3

Iodeikon

Intravenous

14

Non-visualization

M

Penetrating wounds of the chest

3
5

Iodeikon
Iodeikon

Intravenous
Intravenous

11
12

Non-visualization
Non-visualization

N

Bilateral perforation of kidney

2

3

Iodeikon

Iodeikon

Oral

Oral

12
36
7

Non-visualization
Non-visualization
Non-visualization

O

Perforation of lung

1
2

Iodeikon
Iodeikon

Oral
Oral

6
6
18

Non-visualization
Non-visualization
Non-visualization

P

Second and third degree burns of face, neck, hands. No anesthesia except demerol

12 hours after injury
2

Iodeikon

Iodeikon

Oral

Oral

11

12

Non-visualization

Non-visualization

Q

Retroperitoneal penetration

1
4

8

Iodeikon
Iodeikon
Iodeikon
Iodeikon

Oral
Oral
Oral
Intravenous

17
19
19
14

Non-visualization
Non-visualization
Non-visualization
Clear-cut visualization

R

Acute appendicitis, appendectomy

1

Iodeikon

Oral

6
26

Non-visualization
Non-visualization

S

Perforation of thigh, bilateral. Severance of femoral vein, frostbite of feet

2

Telepaque

Oral

12
15

Non-visualization
Non-visualization

T

Traumatic amputation of leg

5

10

Telepaque

Telepaque

Oral

Oral

14
17
15

Non-visualization
Non-visualization
Clear-cut visualization

U

Shattering fracture of humerus and scapula. Large soft tissue defect

5

8

Telepaque

Telepaque

Oral

Oral

14
17
14

Non-visualization
Non-visualization
Non-visualization

V

Perforation of popliteal artery, minor soft tissue wounds

2

Telepaque

Oral

16

Clear-cut visualization

W

Traumatic amputation of foot and hand

5

Telepaque

Oral

14

Visualization

X

Traumatic amputation of thigh

3

5

Telepaque
Telepaque
Telepaque
Telepaque

Oral
Oral
Oral
Oral

16
20
14
17

Non-visualization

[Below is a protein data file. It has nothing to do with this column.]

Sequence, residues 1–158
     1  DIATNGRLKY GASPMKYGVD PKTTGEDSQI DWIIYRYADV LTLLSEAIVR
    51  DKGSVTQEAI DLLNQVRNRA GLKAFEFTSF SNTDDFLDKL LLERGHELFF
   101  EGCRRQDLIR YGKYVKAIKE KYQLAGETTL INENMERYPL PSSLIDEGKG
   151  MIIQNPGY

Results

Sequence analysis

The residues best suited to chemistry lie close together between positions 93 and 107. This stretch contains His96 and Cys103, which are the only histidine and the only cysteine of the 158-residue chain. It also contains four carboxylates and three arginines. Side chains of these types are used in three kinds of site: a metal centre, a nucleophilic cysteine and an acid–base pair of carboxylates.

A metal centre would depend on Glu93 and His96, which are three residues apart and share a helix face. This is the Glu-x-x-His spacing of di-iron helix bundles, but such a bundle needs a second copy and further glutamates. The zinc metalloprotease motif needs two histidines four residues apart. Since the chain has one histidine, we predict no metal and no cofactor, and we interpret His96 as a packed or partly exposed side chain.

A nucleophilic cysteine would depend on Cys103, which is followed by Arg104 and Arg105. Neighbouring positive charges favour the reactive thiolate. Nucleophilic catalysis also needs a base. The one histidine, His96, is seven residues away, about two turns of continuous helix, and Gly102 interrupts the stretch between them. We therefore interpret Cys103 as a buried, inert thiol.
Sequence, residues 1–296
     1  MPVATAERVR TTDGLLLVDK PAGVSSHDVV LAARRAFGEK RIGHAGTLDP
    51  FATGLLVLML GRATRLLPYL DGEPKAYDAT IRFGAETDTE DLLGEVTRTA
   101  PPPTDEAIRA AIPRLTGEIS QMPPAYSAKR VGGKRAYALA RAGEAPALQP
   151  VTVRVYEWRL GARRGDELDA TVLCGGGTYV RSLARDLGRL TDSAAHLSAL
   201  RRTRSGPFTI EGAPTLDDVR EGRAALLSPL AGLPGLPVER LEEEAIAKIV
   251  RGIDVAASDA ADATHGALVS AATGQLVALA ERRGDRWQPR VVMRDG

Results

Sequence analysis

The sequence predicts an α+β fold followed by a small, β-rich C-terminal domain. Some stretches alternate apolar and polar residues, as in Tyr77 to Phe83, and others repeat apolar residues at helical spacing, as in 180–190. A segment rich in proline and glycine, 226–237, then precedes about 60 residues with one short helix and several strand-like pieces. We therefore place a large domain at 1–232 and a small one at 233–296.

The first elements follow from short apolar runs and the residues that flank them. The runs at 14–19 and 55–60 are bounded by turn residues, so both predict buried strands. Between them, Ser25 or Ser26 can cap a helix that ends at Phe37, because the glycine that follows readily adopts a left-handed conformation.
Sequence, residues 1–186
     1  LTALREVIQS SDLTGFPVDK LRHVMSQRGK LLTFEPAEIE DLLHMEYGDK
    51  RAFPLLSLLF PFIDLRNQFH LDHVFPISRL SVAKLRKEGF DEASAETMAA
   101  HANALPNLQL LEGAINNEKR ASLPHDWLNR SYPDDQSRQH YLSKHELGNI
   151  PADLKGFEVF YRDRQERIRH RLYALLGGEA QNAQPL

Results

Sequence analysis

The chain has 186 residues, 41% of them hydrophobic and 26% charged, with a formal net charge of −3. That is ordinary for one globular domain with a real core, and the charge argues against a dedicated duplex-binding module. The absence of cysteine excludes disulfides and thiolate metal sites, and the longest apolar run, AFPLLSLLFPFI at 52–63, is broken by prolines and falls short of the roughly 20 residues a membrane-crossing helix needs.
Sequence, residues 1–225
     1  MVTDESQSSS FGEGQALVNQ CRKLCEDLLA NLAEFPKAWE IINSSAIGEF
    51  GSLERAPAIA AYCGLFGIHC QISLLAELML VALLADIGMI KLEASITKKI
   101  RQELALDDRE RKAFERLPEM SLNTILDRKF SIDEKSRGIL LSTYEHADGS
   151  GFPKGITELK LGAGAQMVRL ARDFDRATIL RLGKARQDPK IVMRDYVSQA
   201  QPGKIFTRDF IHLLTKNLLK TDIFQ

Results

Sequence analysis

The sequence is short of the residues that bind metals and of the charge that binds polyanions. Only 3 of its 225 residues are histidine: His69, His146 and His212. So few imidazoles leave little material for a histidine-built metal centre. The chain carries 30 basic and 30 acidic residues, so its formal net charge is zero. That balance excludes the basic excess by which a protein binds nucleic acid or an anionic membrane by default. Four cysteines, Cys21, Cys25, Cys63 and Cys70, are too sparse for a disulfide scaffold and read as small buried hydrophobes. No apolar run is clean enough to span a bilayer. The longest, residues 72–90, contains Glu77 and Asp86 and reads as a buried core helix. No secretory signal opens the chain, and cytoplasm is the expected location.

Non-visualization
Non-visualization
Non-visualization

Y

Perforation of knee, thigh, neck and face

3

5

Telepaque

Telepaque

Oral

Oral

14
18
17

Non-visualization
Non-visualization
Non-visualization


196

the injury; gradually falling to normal during the ensuing week.1 In two of the six patients in this series who had both studies, the gallbladder remained "non-functioning" after the bromsulphalein excretion had returned to normal. Furthermore, Bockus2 found that gallbladder visualization persisted in the face of hepatic disease until the bromsulphalein retention reached 25 per cent or more after 30 minutes.

In this group of casualties, the plasma bilirubin concentration rose during the first 24 hours, often reaching 2.0 to 3.0 mg. per 100 cc. It then tended to fall toward normal. In the group studied with cholecystograms, three had plasma bilirubin determinations performed; again this hepatic function returned to normal before the gallbladder could be visualized by cholecystography. Furthermore, Readinger and his associates3 showed that in patients with viral hepatitis, the gallbladder could still be visualized roentgenographically until the plasma bilirubin concentration reached approximately 11 mg. per 100 cc.

Failure of Gastrointestinal Absorption

Although this may be a factor of some importance, it is not the basic cause of non-visualization as demonstrated by the failure to visualize the gallbladder following intravenous administration of the drug.